VMware

VDDK 1.2.1 Release Notes

Released 17 Nov 2010   |   Build Number 323406
Last document update 19 Oct 2012.

Contents



About the 1.2.1 Virtual Disk Development Kit

The Virtual Disk Development Kit (VDDK) 1.2.1 is a bug fix release to VDDK 1.2.

VDDK 1.2 added support for ESX/ESXi 4.1 and vCenter Server 4.1, application-level VSS quiescing on Windows Server 2008 (R2), and was tested with Windows 7 virtual machines, in addition to previously tested Windows XP, Windows Server, and Linux systems. VDDK 1.2 and 1.2.1 support the following VMware platform products:

  • ESX/ESXi versions: 4.1, 4.0, and 3.5
  • vCenter Server versions: 4.1 and 4.0 managing ESX/ESXi 3.5 and later
  • VirtualCenter version: 2.5 managing ESX/ESXi 3.5

These release notes provide information about issues that were identified or resolved since VDDK 1.2. For information on VDDK including general information about the development kit, how to obtain and install the software, redistributing it, and issues that were identified or resolved in previous releases, see the VDDK 1.2 Release Notes.

VMware Consolidated Backup (VCB) has a knowledge base article (link here) showing the support matrix for storage multipathing. VMware does not provide a similar support matrix for VDDK. Customers should seek this information from their backup software vendors.

Compatibility Notice for Partners

VDDK 1.2.1 does not support vSphere 5.
ESXi 5.0 includes VMFS-5, an updated file system with larger volumes to hold big virtual machines. In SAN transport mode, libraries check VMFS headers for an acceptable version number match. Older VDDK libraries do not recognize VMFS-5, so SAN transport may fail on VMFS-5 partitions. VMware recommends recompiling software with VDDK 5.0 to support vSphere 5.

The VDDK 1.1 FAQ stated that VDDK licensing requires paid vSphere platform products, not free ESXi standalone. Although VDDK 1.1 and 1.1.1 included advanced transports, this licensing was not enforced until the VDDK 1.2 and 1.2.1 releases, when a license check was inserted for advanced transports.

In February 2011, RHEL 5.6 was qualified for use with VDDK 1.2.1.

The following table summarizes platform compatibility of recent VDDK releases.

CompatibilityESX 3.5ESX 4.0ESX 4.1Caveats and Changes
VDDK 1.1.1YesYesYesVSS application level quiescing not supported for Windows 2008 VMs on ESX 4.1 hosts.
No HotAdd support when proxy server is on ESX 4.1 host.
VDDK 1.2.1YesYesYesAs of VDDK 1.2 the vmcryptolib.dll library is no longer required by VDDK libraries.

While all versions of vSphere allow the at-sign (@) in datastore names, the VixDiskLib API is unable to open VMDK files inside those datastores. You might want to modify your backup code to throw an error in such a case. The customer workaround is to avoid datastore names with the at-sign (@) when using VDDK.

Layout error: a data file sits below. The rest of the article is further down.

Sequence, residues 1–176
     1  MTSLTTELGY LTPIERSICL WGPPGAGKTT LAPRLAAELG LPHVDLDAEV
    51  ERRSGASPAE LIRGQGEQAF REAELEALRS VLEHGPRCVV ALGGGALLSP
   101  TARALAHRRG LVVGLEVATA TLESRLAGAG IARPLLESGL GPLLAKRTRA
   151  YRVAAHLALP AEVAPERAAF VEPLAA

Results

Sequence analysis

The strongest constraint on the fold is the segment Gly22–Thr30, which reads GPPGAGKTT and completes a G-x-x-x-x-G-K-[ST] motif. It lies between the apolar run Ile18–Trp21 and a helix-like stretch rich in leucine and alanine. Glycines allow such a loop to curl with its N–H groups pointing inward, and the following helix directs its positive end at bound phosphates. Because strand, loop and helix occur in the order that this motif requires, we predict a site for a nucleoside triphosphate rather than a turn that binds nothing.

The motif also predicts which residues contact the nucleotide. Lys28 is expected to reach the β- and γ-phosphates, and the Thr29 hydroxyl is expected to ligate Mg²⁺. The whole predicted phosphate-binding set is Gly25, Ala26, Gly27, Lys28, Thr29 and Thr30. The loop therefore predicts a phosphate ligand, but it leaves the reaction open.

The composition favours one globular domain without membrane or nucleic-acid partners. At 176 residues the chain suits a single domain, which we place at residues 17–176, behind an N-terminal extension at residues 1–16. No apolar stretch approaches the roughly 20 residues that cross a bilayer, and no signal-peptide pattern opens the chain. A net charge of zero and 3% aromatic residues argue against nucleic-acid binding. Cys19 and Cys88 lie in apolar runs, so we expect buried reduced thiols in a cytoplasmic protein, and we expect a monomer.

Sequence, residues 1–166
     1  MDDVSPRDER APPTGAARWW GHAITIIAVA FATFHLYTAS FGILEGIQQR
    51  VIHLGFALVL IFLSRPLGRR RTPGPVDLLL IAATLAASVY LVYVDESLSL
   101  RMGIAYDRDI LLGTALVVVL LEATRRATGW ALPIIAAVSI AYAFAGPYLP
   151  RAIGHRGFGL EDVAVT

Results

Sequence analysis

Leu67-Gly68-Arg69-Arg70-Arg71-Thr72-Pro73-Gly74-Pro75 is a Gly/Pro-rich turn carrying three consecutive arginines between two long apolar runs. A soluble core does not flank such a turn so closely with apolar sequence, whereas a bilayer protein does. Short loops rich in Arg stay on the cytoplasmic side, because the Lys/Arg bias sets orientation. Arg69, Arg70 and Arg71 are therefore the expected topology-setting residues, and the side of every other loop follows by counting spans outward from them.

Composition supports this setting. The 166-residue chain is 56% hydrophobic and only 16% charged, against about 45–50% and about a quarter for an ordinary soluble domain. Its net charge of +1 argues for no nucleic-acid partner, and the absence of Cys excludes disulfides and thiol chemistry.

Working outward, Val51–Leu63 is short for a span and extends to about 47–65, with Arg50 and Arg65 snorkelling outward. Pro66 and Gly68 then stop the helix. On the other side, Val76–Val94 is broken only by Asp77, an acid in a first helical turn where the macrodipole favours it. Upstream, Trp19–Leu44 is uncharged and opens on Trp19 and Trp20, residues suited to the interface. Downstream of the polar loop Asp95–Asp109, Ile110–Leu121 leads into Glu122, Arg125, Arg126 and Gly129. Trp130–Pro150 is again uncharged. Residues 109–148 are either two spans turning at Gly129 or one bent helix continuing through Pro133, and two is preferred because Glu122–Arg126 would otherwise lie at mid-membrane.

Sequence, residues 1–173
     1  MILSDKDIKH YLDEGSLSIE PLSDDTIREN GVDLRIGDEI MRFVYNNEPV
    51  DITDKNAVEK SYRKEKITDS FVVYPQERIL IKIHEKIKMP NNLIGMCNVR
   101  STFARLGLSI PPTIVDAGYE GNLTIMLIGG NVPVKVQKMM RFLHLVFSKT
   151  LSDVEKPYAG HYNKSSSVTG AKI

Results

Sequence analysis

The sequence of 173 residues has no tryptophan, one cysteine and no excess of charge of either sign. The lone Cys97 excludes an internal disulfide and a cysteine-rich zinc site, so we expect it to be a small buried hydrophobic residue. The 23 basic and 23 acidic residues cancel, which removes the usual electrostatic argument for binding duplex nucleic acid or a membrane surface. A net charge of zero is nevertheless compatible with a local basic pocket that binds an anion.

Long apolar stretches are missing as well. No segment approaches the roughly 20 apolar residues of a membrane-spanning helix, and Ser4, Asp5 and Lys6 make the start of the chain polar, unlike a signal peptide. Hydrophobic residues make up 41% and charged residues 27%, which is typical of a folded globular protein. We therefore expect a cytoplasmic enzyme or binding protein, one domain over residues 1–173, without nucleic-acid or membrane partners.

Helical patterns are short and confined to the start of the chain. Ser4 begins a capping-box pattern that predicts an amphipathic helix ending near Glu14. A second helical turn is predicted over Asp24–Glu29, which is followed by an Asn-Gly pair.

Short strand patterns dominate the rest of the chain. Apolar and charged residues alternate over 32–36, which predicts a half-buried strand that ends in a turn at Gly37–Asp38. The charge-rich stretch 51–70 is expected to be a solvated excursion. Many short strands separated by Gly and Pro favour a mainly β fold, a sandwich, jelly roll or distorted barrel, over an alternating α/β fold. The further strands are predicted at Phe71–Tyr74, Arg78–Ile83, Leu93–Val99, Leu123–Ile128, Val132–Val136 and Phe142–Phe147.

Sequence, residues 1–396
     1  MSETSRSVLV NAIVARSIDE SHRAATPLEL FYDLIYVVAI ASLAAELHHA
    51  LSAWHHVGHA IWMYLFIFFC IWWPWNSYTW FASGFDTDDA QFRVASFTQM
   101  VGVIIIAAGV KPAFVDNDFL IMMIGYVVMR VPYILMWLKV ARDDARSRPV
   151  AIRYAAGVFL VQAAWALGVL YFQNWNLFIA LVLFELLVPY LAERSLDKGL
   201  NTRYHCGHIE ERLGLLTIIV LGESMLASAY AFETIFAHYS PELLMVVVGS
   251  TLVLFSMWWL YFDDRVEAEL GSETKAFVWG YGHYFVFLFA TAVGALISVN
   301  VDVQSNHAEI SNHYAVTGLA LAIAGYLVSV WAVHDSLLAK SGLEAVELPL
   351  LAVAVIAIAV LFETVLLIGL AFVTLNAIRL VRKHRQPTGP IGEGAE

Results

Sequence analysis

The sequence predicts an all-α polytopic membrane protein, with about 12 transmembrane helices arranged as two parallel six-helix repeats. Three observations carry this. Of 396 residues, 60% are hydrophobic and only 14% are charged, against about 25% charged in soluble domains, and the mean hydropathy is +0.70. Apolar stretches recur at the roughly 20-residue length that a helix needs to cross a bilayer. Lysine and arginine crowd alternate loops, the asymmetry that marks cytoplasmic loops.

Recently Resolved Issues

This release of the VDDK resolves the following issues:

  • Solution for write-protected SAN on Windows Server 2008 proxy.

    When using SAN transport or HotAdd mode on a Windows Server 2008 proxy, make sure to set the Windows SAN policy to onlineAll, otherwise writes produce the error message “media is write protected.”

  • More-complete cleanup after Windows disk mount

    If programs called VixMntapi_OpenDisks() and subsequently called VixMntapi_MountVolume() and VixMntapi_GetVolumeInfo(), log files such as vixmntapi0.LOGn were created but never deleted under the Administrator's local settings folder in Temp\vmware-Administrator-*. This did not occur if opening with VixMntapi_OpenDiskSet(). The problem was fixed in the VDDK 1.2 release by deleting temporary files created by Windows while mounting registry hives, and by shutting down the mount server after dismounting the last volume.

  • Can now simultaneously mount cloned disks on Windows

    When VixMntapi_MountVolume() tried to simultaneously mount two disks with same disk signature, the mount failed with error 12, VIX_E_FILE_ALREADY_EXISTS, “cannot create a file when that file already exists.” This occurred only on Windows when mounting disks from two VMs if one was cloned from the other, or both were cloned from an original VM. The issue was fixed by checking similarity of UUID and getting another if needed.

  • Password no longer error-logged in clear text

    When an VDDK error occurred, such as failure to connect or open a disk, the error was logged along with the user name and password in cleartext. This issue was fixed by sanitizing the password to read “xxx” instead.

  • Advanced transport modes available again in ESX 3.5

    VDDK 1.2.1 again supports advanced transports, such as SAN mode, with VirtualCenter 2.5 and ESX/ESXi 3.5. VDDK 1.2 had a regression where it did not support advanced transport modes in VC 2.5 and ESX 3.5.

  • No more time-outs for NBD operations in ESX 3.5

    The 3 minute timeout instituted in VDDK 1.2 has been eliminated. Although the underlying performance problem was fixed in VI 3.5 U3 and vSphere 4.0 U1, the downside is that NBD operations might hang in earlier releases. You can still set a custom timeout by editing the configuration file.

  • Most of the messages now pass through the Log function

    In previous VDDK releases, some error messages were sent only to the console (stderr) instead of going through the Log function. So the log file did not record all messages, missing those sent to stderr only. The default Log function sends messages to the console and writes them to the log file. Now if programmers define a custom Log function to replace the default one, most messages will pass through their function.

Known Issues and Workarounds

The following known issues pertain to this VDDK release. Most of these issues are holdovers from the VDDK 1.2 release.

  • Changed Block Tracking could return full thin-provisioned disk.

    On very large thin-provisioned virtual disks (> 200GB) the first QueryChangedDiskAreas call could return the entire disk, rather than only the in-use areas of thin-provisioned disk. This results in excessively large backup data.

  • HotAdd code should ignore independent disks, which are unsuitable for backup